“I am among you as one who serves.” Jesus offers this simple statement as a model, not just for clergy, but for all his followers. Mutual ministry is our goal, and don’t forget that the word ‘minister’ itself is synonymous with ‘servant.’ Congregations and clergy get in trouble when they forget that, no matter who does the forgetting. If clergy mistake themselves for masters of their congregations, or congregations forget to serve as well as be served by their pastors, things quickly go wrong. Even worse, the prominence of clergy in the congregation can make us forget that we are called to mutual servanthood with all of our brothers and sisters in the congregation, not just the pastor, and are called to a servanthood that may not be at all mutual in the world beyond our doors.
Now I realize from the stories that Alison has told me about this congregation that I am preaching to the converted here. This place, I have been told, is rich in mutual affection and care, and determined to minister to the needy in this community and in the larger world. But it’s still a good thing to remember. And, as your bishop, as any bishop, could no doubt attest, it’s a message that is very hard to get across to the congregations and clergy that most need to hear it. So there is an urgent need for healthy congregations, congregations that understand this call to mutual service – that live in this hope – to evangelize by example. Where words fail, deeds may persuade, after all, and it is my hope that by your mighty acts of servanthood and hope, you may inspire others.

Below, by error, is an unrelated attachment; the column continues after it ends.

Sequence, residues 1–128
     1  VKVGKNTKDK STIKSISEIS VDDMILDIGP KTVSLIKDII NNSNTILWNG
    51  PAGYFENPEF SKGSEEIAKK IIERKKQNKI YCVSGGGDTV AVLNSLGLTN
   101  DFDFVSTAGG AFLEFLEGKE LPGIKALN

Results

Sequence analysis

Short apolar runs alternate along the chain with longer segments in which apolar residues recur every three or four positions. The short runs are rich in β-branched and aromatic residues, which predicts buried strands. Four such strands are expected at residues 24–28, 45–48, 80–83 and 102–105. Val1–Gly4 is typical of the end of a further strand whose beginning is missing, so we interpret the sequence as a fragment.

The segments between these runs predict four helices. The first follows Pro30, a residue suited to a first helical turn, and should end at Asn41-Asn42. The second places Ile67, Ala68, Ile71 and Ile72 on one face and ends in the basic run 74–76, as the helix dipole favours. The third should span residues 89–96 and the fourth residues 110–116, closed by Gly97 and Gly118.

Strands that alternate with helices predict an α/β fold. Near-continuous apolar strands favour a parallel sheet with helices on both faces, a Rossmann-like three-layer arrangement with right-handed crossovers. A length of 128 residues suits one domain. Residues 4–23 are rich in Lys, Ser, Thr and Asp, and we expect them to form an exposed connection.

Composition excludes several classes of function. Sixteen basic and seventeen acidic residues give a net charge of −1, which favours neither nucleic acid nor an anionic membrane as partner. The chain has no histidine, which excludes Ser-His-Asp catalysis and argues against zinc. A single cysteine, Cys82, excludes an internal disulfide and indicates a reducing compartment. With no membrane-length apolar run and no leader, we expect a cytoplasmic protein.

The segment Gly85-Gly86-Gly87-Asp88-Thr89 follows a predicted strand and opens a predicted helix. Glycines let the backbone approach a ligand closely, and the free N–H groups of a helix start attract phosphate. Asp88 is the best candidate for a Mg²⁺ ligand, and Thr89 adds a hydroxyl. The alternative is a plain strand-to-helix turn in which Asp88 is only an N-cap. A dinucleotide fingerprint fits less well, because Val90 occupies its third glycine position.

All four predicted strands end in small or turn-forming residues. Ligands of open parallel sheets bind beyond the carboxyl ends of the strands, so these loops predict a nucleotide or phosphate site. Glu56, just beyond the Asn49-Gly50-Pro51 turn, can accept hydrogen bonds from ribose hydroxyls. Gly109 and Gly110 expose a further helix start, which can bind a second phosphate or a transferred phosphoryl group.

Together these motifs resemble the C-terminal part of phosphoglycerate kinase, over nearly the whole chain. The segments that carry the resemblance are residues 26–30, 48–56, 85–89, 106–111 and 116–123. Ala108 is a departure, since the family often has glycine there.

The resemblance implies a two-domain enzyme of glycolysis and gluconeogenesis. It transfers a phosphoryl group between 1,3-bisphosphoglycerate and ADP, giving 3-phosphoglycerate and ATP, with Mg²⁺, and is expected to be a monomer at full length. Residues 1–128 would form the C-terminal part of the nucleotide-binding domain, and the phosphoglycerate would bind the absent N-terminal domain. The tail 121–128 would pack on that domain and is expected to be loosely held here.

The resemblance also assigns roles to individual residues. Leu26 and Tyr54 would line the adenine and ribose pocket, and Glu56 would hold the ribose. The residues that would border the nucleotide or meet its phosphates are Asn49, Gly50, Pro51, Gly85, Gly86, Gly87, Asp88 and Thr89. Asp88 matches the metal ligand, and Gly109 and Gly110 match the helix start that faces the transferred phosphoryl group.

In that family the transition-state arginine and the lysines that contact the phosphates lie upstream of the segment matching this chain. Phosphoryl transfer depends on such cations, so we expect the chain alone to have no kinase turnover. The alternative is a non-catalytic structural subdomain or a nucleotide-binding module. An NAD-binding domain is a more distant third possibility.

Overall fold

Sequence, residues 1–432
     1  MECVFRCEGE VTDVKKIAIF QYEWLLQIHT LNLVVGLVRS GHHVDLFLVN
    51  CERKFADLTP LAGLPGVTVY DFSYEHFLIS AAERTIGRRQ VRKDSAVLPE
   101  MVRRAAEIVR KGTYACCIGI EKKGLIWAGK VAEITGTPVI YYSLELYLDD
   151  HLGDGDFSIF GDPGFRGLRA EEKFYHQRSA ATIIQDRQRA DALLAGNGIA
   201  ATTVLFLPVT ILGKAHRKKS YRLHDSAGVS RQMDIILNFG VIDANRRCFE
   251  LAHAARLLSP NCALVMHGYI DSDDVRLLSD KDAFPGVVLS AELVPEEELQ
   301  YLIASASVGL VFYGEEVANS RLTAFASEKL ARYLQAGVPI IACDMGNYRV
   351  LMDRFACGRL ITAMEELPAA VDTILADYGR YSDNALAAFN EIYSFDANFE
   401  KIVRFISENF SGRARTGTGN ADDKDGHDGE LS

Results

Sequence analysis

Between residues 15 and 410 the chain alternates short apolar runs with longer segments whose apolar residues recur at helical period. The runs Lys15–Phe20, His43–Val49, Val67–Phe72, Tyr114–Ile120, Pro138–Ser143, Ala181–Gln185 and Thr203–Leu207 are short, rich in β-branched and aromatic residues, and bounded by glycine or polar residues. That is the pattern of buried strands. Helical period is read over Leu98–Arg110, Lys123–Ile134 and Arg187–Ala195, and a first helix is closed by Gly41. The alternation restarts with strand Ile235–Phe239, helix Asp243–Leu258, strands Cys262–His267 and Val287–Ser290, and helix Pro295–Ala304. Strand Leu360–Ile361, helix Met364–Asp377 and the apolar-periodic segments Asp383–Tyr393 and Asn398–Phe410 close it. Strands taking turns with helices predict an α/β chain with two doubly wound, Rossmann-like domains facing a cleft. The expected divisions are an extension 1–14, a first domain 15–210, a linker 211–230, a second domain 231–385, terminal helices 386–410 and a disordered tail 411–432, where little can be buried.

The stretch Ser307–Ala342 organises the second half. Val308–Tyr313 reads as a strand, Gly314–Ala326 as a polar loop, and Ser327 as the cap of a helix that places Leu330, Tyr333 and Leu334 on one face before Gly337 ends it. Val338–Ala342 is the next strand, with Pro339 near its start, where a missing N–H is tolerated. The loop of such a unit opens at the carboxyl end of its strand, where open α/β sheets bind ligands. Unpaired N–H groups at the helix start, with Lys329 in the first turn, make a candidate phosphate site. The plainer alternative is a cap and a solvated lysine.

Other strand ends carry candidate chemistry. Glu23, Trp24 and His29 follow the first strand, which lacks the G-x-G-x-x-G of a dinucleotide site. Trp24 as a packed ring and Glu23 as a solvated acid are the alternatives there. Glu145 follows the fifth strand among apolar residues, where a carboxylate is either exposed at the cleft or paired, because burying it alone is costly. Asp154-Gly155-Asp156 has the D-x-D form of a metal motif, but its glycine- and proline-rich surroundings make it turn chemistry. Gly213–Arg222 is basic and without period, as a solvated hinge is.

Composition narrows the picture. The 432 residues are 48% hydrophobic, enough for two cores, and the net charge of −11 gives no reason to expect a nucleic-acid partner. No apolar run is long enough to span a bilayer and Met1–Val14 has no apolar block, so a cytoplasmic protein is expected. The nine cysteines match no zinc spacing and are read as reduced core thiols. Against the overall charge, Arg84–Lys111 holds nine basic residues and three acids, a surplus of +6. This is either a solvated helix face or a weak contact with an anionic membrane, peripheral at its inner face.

It is, I understand, customary on these occasions, for the preacher to give some kind of charge to the new Rector and to the congregation. But the scripture readings have already offered charges enough: “be strong and courageous;” “do not be frightened or dismayed;” “the greatest among you must become like the youngest;” “lift up your hands in the holy place and bless the Lord;” “speak the truth in love.”
Let’s let that last one stand as the charge for today: “speak the truth in love.” Paul tells us that by so doing we grow up into Christ, and build up the whole body in love. And those five words contain the two great charges Jesus makes to his followers: to love one another as he has loved us, and to proclaim the gospel to the ends of the earth. But I would remind you that this is a charge that has a challenge at the heart of it, for whatever cannot be said in love is not the truth. Whatever cannot be said in love is not the truth. Remember this when challenges arise, when anger or mistrust or differences of vision or goal make mutual ministry or even mutual conversation difficult. In such times, and no congregation is free from them, it is all too easy to use facts as weapons or as snares, and to try to make our opinions and feelings into truths for the whole community. But if those facts and feelings and opinions that consume us cannot be spoken in love, they are not, in the end, the truth. And our God demands of us that we find a loving way to speak what is on our hearts if we are to say it at all. And if we learn to speak only in love to our own community, we will then be able to speak only in love to our divided church, to our hurting neighbors, and to the world. And that will make all the difference.